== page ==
But if my relationship with the Spirit is very personal, I can still talk about three broad principles I've learned in trying to keep the Spirit in my life. I will be grateful if the Spirit can use my insights to give someone else here this morning some insight – even if our paths end up being very different from each other.
First, restraint, renunciation, and moderation are good things. Our ability to sacrifice is directly related to our capacity for love. Living the Word of Wisdom, honoring the Sabbath Day, and dedicating one tenth of our income to the work of the Lord can be living symbols, reminders to us and to others of our commitment to live close to the Lord and to follow him. Avoiding pornography, and being chaste in our thoughts, and in our words, and in our actions can heighten our sense of the sacredness of our sexuality and enhance our relationships with our significant others. Caring for our bodies through moderate eating and exercise habits; living within our means and spending less rather than more; being attentive to the impact our lifestyle choices have on the environment; can all be ways to practice attentiveness and sensitivity. And an attentive, sensitive life is a life open to the promptings of the Holy Spirit. Everything we do has an impact on ourselves and on those around us.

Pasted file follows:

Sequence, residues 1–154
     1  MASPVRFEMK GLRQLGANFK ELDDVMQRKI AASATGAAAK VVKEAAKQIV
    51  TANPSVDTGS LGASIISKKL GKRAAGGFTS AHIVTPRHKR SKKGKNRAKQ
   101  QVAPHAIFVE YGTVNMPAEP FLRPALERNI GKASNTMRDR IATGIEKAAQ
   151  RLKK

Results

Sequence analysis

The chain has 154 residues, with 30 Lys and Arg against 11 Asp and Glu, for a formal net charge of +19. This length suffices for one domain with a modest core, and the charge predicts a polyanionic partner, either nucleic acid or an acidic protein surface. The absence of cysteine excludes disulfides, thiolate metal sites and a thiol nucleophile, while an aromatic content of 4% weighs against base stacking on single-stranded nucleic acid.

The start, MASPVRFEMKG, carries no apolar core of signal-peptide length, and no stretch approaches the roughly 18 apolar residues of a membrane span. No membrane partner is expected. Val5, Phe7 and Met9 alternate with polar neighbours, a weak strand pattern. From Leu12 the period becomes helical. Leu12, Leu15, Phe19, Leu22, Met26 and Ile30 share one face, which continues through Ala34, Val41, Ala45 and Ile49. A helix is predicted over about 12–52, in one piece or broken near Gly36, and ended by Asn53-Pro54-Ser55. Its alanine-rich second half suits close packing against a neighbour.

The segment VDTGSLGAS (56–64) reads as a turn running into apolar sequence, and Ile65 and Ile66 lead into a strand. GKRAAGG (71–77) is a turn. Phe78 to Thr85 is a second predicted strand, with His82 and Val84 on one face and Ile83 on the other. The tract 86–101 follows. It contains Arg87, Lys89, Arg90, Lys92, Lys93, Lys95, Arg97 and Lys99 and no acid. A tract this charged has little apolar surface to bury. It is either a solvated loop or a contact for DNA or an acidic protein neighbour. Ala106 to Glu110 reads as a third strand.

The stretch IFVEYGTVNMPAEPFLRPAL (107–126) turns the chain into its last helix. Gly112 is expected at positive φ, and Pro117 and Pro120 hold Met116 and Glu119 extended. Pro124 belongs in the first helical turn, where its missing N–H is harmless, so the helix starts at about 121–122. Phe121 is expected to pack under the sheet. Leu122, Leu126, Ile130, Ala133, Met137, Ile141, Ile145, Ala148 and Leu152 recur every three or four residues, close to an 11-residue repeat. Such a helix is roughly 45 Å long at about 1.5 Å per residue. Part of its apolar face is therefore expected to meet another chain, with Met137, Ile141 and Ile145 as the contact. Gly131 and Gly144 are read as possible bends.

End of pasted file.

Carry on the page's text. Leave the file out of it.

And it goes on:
Second, if we are hungry for knowledge of spiritual things, we can be filled with the Spirit. If we make time each day for prayer and scripture study, we will begin to make connections, to see how, yes, every word in scripture has a direct relevance and meaning to us, to our particular circumstances. We will begin to know the truth as it applies very directly and personally to us, and the truth will begin to set us free. Most of us in this room have been deeply, deeply wounded at Church, so Church is a difficult place for us. Many of us are disfellowshipped or excommunicated. Church can be a frightening place for us. But if Church is more difficult for us, then so much greater are the rewards of facing our fears, and of cultivating the hope and charity and patience that it takes to wash our face and our hands, and put on our Sunday best, and show up in a spirit of love and reverence and humility, with a desire to learn. Though I have often sat alone in the pews, I have never been alone. The Spirit been there with me, by my side, a warm arm of fellowship around me, whispering truths of peace and love I never could have learned anywhere else. If we open our hearts, and have the courage to go, Church attendance can become the brightest time of our week. It can become something that we do not merely out of a sense of duty, but something we hunger for.